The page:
The tiny club that amazed the world of football by twice going ahead against mighty Liverpool in the FA Cup is working with a college to find the next generation of giant-killers.
Havant and Waterlooville FC, the non-league team that threatened one of the biggest cup upsets of all time at Anfield last month, is backing the football academy at South Downs College in Hampshire. It even has five students aged 16-18 training with its first team.
Those five are ready for selection to the first team, but the academy has its own youth team, SD Hawks, named after Havant and Waterlooville's nickname. It plays in the Conference Academy league, is unbeaten this season and is locked in a close race with arch-rivals Woking for first place.
Stuart Page, manager of the youth team, said the success of the academy's parent club in the FA Cup has been an inspiration to the students. "It was absolutely magical," he said. "The students were supporting them right from the start, even going down on Saturdays and doing odd jobs around the ground.
"What it did mean, apart from the initial reaction that `here we are, up against Liverpool and drawing' - if you ask them to reflect, they would think there's a realistic chance that it could be them, that it's not a pie-in-the-sky pipedream - it's a realistic opportunity, and I think they know it. It's given the young academy players a 100 per cent increase in confidence that they can make the grade."
Mr Page said academies such as the one at South Downs College were vital to English football because they offer opportunities for teenagers to keep playing at a competitive level at a time when too many drop out.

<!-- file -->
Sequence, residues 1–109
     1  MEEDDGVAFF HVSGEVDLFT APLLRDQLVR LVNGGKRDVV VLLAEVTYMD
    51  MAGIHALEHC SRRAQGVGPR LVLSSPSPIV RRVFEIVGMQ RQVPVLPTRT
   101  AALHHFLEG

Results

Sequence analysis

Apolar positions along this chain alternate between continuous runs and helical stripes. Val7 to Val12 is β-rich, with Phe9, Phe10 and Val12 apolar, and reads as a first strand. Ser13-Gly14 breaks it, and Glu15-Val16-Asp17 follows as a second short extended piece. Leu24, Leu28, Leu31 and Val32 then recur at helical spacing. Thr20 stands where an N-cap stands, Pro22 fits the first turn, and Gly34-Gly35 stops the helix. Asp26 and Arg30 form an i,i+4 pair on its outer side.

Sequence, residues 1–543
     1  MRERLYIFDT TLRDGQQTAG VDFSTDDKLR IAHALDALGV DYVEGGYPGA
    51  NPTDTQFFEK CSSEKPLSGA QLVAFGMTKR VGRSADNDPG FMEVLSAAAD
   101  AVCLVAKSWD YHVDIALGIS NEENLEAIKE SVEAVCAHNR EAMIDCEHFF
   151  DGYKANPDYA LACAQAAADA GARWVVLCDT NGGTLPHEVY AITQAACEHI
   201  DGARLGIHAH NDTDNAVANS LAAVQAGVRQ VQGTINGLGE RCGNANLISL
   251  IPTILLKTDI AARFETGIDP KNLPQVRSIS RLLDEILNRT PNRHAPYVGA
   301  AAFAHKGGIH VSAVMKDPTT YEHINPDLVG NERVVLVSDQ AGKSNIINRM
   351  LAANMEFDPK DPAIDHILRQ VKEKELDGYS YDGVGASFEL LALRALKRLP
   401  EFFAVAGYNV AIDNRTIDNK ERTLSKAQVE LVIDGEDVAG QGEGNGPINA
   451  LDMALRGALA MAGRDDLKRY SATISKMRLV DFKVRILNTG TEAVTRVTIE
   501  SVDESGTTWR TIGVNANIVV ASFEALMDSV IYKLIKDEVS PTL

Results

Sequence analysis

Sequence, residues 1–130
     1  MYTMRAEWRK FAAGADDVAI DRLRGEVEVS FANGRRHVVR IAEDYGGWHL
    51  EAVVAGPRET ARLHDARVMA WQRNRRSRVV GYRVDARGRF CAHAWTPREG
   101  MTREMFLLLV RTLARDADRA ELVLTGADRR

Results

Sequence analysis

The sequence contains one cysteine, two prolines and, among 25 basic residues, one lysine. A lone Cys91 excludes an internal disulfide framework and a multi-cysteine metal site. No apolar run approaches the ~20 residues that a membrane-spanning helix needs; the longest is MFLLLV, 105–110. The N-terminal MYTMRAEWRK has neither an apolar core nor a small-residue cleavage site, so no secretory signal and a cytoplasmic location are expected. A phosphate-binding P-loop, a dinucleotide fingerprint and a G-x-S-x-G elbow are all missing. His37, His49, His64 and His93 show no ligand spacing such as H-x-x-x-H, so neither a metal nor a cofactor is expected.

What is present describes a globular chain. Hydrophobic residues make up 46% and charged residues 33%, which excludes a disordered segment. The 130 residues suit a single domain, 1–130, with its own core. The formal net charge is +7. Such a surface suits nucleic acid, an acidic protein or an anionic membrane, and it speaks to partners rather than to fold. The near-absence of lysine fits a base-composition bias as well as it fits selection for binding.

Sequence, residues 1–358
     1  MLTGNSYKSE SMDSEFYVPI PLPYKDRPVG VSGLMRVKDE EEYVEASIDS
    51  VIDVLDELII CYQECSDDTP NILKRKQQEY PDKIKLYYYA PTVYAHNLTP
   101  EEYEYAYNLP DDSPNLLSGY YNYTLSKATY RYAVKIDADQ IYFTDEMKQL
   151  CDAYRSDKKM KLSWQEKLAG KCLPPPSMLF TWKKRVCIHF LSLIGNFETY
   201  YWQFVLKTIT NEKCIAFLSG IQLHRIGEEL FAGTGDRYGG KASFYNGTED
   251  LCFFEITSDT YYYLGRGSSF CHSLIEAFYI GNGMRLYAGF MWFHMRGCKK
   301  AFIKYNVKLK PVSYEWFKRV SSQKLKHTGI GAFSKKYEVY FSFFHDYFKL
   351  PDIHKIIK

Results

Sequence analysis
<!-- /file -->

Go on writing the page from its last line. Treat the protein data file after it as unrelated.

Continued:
"When a kid gets to 18, there's not a lot left for them," he said. "They have to play in the men's league, but physically and mentally they're still developing. Then there's girls, cars and beer, which can have an effect on them. Between 16 and 19 is the age when they are most likely to drop out - or don't realise their potential."
The Football Association believes too little coaching effort has been put into older teenagers in the past, and the academies - most of which are linked with colleges - are one way of correcting that.
Nearly 200 of South Downs' students cheered on the Hawks as their team of part-timers - among them builders, caretakers and cabbies - twice went a goal ahead in the first half, before succumbing to a hat-trick from Liverpool's Yossi Benayoun in front of a crowd of 42,000. A normal turnout to watch the Hampshire team is just 600.
Yvonne Elliott, head of curriculum in sport and public services at the college, said: "They see themselves as part of the club because of the links. It's been really motivational for the students playing their own matches."
The club is also drawing on the teenagers' talents for its community programme, with students going to local schools to host coaching sessions, using the skills learnt during the Btecs they follow as part of their academy training.